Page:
Monday, February 28, 2022

Review of The Expansion of Elizabethan England by A.L. Rowse

This review is written by Eugene Kernes

Book can be found in:
Genre = History, Empires

Watch Review


Elaborate Description

Overview:

During the expansion stage of the British empire, they began to govern more regions.  Regions that were more centralized, and similar to the British, accepted the rule much easier, without much hardships.  Other regions that were decentralized, and very different from the British, had terrible fighting causing devastation and misery.  Without some similarities or agreements, there is a propensity for conflict.  The raiding and reprisals escalate the damage.  But after the fighting, the land became productive, and people were able work themselves out of poverty.  The British empire started with a terrible navy and army, but to compete and defend its regions, was able to develop their military and naval might.  The expansion brought with it economic prosperity, industrial development, efficiency in bureaucracy, and more power to the people.  The author takes a more neutral approach to history, and away from the ideological certainties that cause others to die for someone else’s ideals.  


Caveats?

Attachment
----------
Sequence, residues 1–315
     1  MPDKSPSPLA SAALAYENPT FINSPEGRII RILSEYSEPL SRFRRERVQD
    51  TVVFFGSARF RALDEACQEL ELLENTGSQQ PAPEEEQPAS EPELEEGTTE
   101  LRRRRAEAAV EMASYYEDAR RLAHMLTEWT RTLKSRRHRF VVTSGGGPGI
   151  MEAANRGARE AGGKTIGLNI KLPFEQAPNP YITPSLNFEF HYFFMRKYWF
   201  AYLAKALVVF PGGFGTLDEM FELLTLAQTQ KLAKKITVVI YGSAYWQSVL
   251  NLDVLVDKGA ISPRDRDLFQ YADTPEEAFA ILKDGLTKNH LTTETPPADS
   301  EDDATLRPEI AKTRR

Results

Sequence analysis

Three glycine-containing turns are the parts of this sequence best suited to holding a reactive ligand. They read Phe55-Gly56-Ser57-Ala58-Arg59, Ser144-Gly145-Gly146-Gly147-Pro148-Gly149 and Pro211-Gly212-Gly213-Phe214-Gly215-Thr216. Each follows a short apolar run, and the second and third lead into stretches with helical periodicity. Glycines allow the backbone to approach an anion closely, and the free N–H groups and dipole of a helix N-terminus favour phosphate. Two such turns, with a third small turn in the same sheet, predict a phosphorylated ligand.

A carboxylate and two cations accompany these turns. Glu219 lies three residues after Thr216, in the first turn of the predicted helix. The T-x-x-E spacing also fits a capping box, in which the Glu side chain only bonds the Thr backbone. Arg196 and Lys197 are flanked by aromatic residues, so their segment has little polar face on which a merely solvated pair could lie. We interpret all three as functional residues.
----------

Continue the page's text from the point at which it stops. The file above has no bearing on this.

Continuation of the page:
This book is very difficult to read.  There are many details given, but not enough about what they mean, and how they go together.  The details themselves are hard to understand without an appropriate background.


Questions to Consider while Reading the Book

•What is the raison d’etre of the book?  For what purpose did the author write the book?
•What are some limitations of the book?
•What changed during the expansion stage?
•How did the army develop?
•How did the navy develop?
•Why were there so many battles?
•Why did the British intervene in other nations?
•Why was there conflict with Ireland?
•What was the conflict with Spain?
•What was the conflict with the Netherlands?
•What were some policies of the British empire?

Book Details
Edition ISBN:  TB 1220P
Pages to read:   442
Publication:     1965